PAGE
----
The Swiss bearded vulture population is having an excellent year, with eight vultures born in the wild and two captive-bred birds successfully released into the wild.
The stats come from the Swiss Foundation for Bearded Vultures and WWF. Bearded vultures (Gypaetus barbatus) were first re-introduced into the Swiss Alps in 1991. However, it was only in 2007 that the first pair managed to breed in the wild. Since then the Swiss population has been increasing at a rate of two to six individuals a year.
Still widely known as the Lämmergeier or lamb vulture, the species was hunted to extinction in the Swiss Alps by the late 19th century. Farmers and shepherds saw it as a threat to their livestock even though the bird is more of a scavenger than a predator.
With an impressive wingspan of almost three metres, the bearded vulture is the largest bird in the Alps. It is known to drop scavenged bones from great heights to cause them to splinter, giving the birds access to the nutritious bone marrow.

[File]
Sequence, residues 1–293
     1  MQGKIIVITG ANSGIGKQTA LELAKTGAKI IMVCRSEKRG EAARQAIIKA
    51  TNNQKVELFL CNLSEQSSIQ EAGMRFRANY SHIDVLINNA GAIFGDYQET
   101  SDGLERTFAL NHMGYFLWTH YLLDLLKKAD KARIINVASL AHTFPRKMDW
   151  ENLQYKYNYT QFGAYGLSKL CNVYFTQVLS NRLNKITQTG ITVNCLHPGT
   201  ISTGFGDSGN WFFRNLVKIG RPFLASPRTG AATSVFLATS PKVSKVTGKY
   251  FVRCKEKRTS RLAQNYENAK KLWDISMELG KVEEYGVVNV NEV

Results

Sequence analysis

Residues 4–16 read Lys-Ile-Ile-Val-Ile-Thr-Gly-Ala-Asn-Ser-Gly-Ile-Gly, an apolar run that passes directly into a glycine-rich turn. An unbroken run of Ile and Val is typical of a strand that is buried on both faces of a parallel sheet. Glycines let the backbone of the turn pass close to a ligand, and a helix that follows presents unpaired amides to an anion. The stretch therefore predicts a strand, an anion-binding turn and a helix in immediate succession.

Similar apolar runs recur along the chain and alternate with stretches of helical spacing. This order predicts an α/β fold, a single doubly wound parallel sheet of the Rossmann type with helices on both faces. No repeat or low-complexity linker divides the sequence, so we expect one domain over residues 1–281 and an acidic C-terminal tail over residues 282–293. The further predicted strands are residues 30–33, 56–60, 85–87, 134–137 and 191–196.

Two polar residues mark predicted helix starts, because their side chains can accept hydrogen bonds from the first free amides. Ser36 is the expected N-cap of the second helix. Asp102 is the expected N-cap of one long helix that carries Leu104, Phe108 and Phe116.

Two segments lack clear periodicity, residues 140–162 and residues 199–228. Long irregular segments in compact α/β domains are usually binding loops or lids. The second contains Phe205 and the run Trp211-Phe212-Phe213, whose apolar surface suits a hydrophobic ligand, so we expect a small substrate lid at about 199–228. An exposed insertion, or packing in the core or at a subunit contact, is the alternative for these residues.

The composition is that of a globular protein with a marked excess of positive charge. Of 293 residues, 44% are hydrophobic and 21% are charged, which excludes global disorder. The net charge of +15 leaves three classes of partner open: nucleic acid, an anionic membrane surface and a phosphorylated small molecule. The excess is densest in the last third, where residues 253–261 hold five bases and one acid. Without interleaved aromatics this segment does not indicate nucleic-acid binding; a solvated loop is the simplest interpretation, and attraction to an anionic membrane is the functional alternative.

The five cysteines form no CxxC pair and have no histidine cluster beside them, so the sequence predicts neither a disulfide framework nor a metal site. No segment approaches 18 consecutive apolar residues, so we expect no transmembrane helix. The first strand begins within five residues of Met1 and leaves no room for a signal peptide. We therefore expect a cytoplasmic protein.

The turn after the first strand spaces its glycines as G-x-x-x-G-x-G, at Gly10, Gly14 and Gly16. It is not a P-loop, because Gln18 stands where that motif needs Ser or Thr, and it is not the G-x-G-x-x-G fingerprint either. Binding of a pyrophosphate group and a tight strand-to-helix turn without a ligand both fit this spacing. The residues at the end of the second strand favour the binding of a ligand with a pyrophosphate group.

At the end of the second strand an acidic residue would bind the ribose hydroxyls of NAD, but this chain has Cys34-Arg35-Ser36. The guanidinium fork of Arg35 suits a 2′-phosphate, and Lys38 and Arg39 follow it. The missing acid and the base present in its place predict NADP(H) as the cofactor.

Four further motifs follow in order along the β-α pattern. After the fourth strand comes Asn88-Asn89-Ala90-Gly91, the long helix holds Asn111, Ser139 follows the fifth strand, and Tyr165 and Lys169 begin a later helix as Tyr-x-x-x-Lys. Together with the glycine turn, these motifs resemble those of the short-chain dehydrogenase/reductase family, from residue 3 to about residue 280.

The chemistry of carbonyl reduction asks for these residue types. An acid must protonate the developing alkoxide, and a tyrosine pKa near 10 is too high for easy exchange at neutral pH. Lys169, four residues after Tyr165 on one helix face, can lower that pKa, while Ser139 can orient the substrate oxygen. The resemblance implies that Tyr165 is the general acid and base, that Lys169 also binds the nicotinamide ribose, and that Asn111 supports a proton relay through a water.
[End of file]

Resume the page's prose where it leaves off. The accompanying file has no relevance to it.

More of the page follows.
The comeback of the species is one of the great success stories of Swiss conservation and the Swiss National Park, where bearded vultures were re-introduced for the first time in the country. The park celebrated its 100th anniversary on August 1 this year.
However, despite the good news a threat looms on the horizon. Diclofenac, an anti-inflammatory drug responsible for the catastrophic decline of vulture species in South Asia has now been approved to be used to treat domestic animals in Italy and Spain where 80% of European vultures live. Vultures that feed on the carcasses of diclofenac-treated livestock die due to renal failure.
The drug could pose a real danger to the alpine bearded vulture population and potentially undo decades of conservation efforts.
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